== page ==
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House Speaker John Boehner has ruled out a vote on immigration reform before the end of the year and possibly until the next Congress. On Wednesday, Boehner said he would not allow talks with the Senate on a measure offering undocumented immigrants a path to citizenship.
House Speaker John Boehner: “The idea that we’re going to take up a 1,300-page bill that no one had ever read, which is what the Senate did, is not going to happen in the House. And frankly, I’ll make clear we have no intention of ever going into conference on the Senate bill.”
The Senate passed a bipartisan bill in June, but Boehner has refused to allow a vote in the House because it doesn’t have majority Republican support. His comments on Wednesday came hours after he told two young DREAM activists he would support immigration reform, after they confronted him in a Washington diner. With no vote this year, Congress could face a short window to pursue immigration reform in 2014 due to midterm elections.
The Obama administration has unveiled low enrollment figures for the first month of the troubled healthcare exchange rollout. Just more than 106,000 people signed up for insurance on the federal and state-run marketplaces. The White House had initially predicted first-month enrollment of more than 500,000. At a House committee hearing on Wednesday, administration officials said improvements to the federal healthcare website are continuing.
Todd Park, White House chief technology officer: “The website is getting better each week, as we work to improve its performance, its stability and its functionality. As a result, more and more individuals are successfully creating accounts, logging in and moving on to apply for coverage and shop for plans. We have much work still to do, but are making progress at a growing rate.”
Henry Chao, deputy CIO, Centers for Medicare and Medicaid Services: “We underestimated the volume of users who would attempt to concurrently access the system at any one time initially in October, and we immediately addressed the capacity issues in the first few days and continue to actively work on further improving performance and creating a better user experience.”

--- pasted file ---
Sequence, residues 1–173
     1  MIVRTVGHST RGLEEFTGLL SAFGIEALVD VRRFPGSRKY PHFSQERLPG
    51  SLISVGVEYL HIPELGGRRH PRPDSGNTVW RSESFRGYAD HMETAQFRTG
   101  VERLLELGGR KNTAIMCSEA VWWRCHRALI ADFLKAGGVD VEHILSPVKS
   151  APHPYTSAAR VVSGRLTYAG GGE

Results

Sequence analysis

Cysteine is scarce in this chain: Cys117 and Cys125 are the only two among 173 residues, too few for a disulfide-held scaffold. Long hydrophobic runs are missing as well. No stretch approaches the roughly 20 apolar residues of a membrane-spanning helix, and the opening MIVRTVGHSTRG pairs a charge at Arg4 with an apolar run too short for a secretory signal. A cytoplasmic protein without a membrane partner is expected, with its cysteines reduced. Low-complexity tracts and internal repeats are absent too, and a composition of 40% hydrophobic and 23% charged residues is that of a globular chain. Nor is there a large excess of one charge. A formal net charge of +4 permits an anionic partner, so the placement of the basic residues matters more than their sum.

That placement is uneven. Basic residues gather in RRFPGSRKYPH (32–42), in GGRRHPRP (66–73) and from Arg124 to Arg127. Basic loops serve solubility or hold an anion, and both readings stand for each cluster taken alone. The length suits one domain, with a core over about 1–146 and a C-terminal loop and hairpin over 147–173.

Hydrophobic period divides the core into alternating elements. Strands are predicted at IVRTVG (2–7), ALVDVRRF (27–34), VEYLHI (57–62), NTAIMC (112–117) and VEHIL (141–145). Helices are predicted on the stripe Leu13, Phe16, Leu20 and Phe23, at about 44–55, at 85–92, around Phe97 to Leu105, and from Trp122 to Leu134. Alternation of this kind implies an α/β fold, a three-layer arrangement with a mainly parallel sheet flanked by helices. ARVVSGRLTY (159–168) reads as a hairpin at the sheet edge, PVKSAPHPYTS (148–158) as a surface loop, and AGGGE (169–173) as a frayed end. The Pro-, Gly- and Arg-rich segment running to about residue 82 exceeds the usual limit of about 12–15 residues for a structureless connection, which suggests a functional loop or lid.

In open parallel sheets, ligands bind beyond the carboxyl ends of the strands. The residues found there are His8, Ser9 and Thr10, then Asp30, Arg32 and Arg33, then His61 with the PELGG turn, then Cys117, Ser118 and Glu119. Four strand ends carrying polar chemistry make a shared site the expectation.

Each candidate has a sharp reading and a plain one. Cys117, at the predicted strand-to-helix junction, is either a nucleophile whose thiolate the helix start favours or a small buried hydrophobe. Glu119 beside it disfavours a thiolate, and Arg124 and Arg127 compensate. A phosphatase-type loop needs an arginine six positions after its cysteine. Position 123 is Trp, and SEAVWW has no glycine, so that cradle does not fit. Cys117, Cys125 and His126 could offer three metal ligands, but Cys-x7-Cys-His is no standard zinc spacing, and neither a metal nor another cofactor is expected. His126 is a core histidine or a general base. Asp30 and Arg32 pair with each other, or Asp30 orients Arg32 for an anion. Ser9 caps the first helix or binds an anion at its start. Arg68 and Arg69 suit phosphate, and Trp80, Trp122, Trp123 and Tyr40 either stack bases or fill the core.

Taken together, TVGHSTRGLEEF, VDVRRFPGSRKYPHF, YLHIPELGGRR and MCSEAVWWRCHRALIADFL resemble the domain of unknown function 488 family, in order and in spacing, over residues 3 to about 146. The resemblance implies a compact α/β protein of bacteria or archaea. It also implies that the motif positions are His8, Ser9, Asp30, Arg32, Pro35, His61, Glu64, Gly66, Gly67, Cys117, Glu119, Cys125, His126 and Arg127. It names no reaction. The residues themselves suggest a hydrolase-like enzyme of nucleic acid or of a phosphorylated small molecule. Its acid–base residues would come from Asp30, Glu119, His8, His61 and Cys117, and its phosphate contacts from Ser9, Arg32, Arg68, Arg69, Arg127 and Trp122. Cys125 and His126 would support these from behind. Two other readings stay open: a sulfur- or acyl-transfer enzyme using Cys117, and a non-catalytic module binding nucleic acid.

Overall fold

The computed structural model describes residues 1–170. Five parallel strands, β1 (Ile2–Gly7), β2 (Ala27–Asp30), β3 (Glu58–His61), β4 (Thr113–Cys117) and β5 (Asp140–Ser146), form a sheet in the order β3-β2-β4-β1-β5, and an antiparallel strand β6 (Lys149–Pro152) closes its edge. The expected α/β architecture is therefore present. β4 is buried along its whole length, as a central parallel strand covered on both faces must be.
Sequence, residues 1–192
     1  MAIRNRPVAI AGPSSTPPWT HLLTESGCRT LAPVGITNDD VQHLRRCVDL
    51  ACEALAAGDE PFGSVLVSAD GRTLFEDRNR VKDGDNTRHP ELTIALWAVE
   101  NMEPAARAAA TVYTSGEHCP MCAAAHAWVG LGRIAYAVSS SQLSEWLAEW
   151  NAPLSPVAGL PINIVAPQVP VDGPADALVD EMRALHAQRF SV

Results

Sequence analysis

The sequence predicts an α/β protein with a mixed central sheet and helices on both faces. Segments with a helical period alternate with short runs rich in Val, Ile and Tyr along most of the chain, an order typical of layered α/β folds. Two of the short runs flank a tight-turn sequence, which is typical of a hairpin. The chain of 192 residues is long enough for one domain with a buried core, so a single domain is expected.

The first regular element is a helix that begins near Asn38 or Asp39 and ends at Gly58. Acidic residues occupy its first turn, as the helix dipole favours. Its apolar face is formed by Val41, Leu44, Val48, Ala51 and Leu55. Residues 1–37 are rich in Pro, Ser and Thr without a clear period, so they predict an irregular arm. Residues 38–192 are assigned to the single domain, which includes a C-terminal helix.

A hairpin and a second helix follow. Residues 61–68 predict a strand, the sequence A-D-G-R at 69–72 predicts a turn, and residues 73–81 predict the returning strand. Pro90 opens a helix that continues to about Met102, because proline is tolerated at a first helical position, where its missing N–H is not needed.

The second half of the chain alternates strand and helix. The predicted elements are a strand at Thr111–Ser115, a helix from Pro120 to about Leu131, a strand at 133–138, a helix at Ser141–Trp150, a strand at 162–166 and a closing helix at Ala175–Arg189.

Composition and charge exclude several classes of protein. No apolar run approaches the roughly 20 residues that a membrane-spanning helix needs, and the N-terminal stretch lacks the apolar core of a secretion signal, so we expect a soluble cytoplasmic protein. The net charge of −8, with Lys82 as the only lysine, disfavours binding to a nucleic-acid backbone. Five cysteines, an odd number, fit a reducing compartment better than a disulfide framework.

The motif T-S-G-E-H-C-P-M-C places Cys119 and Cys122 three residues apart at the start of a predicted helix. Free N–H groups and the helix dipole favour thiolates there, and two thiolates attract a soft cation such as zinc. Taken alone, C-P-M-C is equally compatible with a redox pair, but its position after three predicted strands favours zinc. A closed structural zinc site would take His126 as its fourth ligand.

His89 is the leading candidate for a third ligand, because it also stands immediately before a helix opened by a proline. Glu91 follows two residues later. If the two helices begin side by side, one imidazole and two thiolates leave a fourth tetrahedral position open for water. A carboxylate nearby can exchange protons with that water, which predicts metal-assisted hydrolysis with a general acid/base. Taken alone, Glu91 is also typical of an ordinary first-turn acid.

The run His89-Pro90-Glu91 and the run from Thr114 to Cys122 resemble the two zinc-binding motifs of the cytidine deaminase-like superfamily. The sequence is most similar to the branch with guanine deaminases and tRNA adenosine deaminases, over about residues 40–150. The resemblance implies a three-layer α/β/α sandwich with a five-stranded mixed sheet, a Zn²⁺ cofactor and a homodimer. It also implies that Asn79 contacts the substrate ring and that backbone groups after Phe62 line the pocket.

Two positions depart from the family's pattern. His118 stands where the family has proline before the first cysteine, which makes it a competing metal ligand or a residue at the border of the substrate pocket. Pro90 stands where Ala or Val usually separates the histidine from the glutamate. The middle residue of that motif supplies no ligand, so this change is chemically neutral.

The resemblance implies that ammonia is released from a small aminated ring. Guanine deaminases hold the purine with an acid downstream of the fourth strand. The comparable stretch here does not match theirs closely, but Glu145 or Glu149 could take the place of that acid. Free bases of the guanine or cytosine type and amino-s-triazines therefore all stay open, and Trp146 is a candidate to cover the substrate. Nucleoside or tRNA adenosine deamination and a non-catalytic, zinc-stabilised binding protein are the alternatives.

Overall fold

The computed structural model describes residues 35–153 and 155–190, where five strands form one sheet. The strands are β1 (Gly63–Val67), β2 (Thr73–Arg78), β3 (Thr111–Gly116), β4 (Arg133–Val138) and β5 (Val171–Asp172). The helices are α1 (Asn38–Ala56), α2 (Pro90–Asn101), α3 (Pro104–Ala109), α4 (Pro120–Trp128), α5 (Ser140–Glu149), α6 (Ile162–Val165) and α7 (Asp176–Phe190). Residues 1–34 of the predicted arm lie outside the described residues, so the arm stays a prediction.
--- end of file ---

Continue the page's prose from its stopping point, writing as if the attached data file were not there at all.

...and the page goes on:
At Wednesday’s hearing, Republican Rep. Darrell Issa said the federal healthcare website poses dangers to users’ personal information. Issa’s comments drew a rebuke from Democratic Rep. Elijah Cummings.
Rep. Darrell Issa: “Hackers, in fact, may have already or may soon find those vulnerabilities. They may soon find your Social Security number or your sensitive information, because there was no integrated security testing before the launch.”
Rep. Elijah Cummings: “Now they are attempting to use the congressional oversight process to scare Americans away from the website by once again making unsupported assertions about the risks to their personal medical information.”
House Republicans have scheduled a Friday vote on a measure that would let Americans retain their existing health insurance without penalties. The move would override the cancellations of health plans that do not meet the higher standards of the Affordable Care Act. A number of House Democrats are threatening to vote with Republicans following criticism of President Obama for wrongly promising that many insurance holders can keep their current plans.
Aid has begun to reach some of the estimated 11 million people affected by Typhoon Haiyan in the Philippines. Aircraft from a massive U.S. carrier ship have joined the relief effort, bringing supplies to some of those left without clean water or food for nearly a week. The official death toll from the storm, one of the strongest in world history, stands at 2,357 but is expected to rise. Initial estimates said more than 10,000 people may have died. The Philippines health minister has warned it is unlikely all of the dead will be identified.
Secretary of State John Kerry appeared before Congress on Wednesday to urge a delay of new sanctions on Iran. Lawmakers from both parties have vowed to move ahead with a measure targeting Iranian oil exports, despite the recent progress in talks between Iran, the United States and five other world powers. Kerry said targeting Iran undermines negotiations.
Secretary of State John Kerry: “Our hope is now that no new sanctions would be put in place, for the simple reason that if they are, it could be viewed as bad faith by our — by the people we’re negotiating with, it could destroy the ability to be able to get agreement, and it could actually wind up setting us back in a dialogue that’s taken 30 years to be able to achieve. We’re asking the Congress to give the diplomacy they sought a chance to be able to work.”